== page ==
The Draftsman by Laurel Lindstrom
This is a book about Martin, a single-minded genius in some ways, but with only the faintest glimmerings of understanding of other people’s and indeed his own life. It is also the story of the ghost of a house, Shadowhurst Hall, that was demolished years before in the physical sense, but comes to represent a past that Martin wants to understand. The characterless house in the grounds now standing in the grounds is only of interest to Martin initially because it reflects his peculiar lifestyle; six bedrooms for him to have a different bed every night, grounds that he has stocked with sheep to improve the view. This is a subtle novel of a mind which is damaged and a way of seeing that brings wealth but little understanding what to do with it. The other characters in the book, including his capable sister, his vain but thoughtful friend Joshua and the stalwart Bill are remarkable for their forbearance and their choices in regard to a man who only sees the world to calculate it, seeing the lines and spaces, the shapes of the world. Damaged, lacking understanding and therefore vulnerable, Martin is a man who has sustained much, but brings unique perspective to a half-remembered house which dominated the past and may hold secrets for the present and future. I found this a fascinating novel and was pleased to have the opportunity to read and review a book which offers such dreamlike insights.
The book opens with Martin arriving in the house, his house, bought six months before as an investment but now readied for his arrival by his sister Alison. They both hope that it marks a new beginning “He wanted to change, he had to change, had to move on, but he wasn’t sure why or to what.” He has driven to the house in a brand new, expensive car, the first time he had driven since passing his test, worried by its power, unaware that it was so indicative of a wealth he had little clue how to enjoy. Alison has worked hard to furnish and equip the house to his specification, even providing cans of tuna and sorting out a gardener/handyman and a cleaner. She is aware of his apartment in London, a huge single room despoiled by food, cigarette ends and the detritus of a man who simply left things to fall to the ground, seemingly unaware of the squalor around him. It transpires that their shared childhood was a strange one of obedience to a mother who may have been abusive, of a father proud of his son but totally baffled about his choices. Martin becomes a young man of rigid habits, compulsively calculating the world around him. He discovers in the house and grounds a challenge, the swans that fascinate him but represent the curves that he cannot control, a glimpse of a life that he cannot quantify, a past that he needs to find out more about.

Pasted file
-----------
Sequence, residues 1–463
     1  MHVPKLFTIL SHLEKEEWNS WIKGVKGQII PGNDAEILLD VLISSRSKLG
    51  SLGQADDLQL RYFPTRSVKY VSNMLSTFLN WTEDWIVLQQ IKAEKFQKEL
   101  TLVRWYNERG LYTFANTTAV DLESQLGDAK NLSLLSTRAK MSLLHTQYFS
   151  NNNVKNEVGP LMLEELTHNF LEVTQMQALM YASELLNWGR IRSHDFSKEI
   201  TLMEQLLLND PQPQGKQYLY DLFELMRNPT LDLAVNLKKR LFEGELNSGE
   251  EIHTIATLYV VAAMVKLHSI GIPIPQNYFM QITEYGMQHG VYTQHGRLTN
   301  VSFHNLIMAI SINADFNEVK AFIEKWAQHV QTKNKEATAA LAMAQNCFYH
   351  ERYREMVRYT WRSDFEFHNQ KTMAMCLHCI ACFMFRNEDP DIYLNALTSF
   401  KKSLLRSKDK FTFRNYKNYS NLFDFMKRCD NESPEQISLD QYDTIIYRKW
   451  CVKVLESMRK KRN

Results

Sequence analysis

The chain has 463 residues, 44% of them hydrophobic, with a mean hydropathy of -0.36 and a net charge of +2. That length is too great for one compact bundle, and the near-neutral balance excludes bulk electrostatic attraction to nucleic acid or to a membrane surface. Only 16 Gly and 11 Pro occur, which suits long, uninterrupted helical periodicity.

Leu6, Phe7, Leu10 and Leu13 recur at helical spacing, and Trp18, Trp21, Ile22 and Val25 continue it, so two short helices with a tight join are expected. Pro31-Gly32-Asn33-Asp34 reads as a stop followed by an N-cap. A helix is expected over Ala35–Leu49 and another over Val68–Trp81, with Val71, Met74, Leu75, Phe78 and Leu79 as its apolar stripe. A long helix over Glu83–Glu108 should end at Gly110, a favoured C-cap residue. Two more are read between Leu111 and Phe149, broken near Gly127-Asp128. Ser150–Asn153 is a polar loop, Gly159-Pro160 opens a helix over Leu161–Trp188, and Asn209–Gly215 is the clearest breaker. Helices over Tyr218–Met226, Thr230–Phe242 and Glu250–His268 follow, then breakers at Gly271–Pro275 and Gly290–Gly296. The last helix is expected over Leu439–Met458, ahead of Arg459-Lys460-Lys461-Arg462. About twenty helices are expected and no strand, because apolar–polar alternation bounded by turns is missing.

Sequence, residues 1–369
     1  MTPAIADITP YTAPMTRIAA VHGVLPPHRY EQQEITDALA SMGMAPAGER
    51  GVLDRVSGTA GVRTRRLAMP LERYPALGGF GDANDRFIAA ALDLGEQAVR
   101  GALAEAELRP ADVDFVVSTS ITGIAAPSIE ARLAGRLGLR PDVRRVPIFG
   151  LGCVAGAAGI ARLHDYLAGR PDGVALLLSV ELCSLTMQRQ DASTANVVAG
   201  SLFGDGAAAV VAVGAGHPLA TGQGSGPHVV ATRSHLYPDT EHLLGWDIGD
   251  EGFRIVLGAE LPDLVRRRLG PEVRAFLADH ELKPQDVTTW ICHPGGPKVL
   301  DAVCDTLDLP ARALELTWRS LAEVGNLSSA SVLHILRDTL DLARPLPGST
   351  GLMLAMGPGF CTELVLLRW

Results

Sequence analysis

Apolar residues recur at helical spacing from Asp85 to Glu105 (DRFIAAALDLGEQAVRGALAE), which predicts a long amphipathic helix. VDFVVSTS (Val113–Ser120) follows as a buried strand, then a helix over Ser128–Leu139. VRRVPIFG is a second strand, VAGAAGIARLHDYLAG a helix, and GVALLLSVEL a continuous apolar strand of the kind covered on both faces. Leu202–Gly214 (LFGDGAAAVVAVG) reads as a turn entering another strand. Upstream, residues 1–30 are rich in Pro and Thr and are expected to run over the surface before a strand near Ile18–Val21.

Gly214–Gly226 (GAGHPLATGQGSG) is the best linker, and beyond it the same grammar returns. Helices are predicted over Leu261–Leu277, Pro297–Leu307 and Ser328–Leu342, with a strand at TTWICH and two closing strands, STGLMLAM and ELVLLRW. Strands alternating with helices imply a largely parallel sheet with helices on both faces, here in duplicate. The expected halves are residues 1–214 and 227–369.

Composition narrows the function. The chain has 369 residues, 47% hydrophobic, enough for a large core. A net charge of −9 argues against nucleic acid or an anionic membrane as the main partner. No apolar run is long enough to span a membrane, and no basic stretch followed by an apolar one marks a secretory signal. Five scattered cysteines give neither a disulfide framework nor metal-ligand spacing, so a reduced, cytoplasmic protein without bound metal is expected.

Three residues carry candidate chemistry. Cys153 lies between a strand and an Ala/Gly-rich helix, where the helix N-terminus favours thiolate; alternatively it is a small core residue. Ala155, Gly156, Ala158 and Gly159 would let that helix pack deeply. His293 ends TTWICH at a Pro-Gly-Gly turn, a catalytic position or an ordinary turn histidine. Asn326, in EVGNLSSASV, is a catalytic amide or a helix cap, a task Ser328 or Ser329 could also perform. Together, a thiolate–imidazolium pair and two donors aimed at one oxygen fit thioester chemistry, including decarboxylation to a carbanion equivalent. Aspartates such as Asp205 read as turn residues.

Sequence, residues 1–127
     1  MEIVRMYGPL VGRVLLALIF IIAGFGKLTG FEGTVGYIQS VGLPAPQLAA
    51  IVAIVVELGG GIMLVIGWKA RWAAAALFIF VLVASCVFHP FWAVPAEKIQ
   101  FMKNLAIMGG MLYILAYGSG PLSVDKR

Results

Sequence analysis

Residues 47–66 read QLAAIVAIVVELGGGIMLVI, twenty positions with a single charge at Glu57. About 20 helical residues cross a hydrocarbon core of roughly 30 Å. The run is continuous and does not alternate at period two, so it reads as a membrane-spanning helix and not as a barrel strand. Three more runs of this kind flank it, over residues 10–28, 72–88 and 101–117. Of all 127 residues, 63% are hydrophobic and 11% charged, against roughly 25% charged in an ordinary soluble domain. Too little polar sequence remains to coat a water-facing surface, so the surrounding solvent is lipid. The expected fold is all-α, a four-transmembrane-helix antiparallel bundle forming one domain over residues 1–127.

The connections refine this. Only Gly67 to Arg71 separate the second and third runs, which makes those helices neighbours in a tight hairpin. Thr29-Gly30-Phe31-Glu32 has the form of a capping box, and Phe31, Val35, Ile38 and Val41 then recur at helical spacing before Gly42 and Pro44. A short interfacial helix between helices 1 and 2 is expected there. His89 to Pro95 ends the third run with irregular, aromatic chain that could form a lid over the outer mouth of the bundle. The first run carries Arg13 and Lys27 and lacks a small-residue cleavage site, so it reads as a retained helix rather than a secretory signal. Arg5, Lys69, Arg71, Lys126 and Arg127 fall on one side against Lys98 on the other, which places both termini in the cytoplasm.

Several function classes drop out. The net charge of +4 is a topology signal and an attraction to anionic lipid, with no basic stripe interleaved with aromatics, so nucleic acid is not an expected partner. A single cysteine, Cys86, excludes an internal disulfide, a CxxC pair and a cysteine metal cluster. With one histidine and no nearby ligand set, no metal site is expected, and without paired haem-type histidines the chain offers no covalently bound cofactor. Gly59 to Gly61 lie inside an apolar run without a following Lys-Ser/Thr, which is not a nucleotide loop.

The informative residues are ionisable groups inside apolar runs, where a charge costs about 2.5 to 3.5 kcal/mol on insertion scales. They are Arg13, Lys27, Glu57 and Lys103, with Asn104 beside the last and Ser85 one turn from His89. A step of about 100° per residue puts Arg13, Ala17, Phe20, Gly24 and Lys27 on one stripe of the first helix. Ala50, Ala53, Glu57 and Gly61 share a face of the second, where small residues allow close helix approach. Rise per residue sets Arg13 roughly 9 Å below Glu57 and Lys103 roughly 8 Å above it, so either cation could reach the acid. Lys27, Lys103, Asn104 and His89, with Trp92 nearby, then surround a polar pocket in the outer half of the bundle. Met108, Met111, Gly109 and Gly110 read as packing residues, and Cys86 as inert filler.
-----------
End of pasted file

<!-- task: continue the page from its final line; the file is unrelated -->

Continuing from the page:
This is not an easy book to describe, but it has a lyrical quality that transcends the need for a complex plot. It is a work of real insight and subtly marks a change in a life that was rigid and vaguely shameful, a collection of people who genuinely want the best for Martin, whose conspiracy is to help him, and in the process learn a little more about themselves. It is about a house of memories and more. I recommend it as an unusual but satisfying read which raises many questions.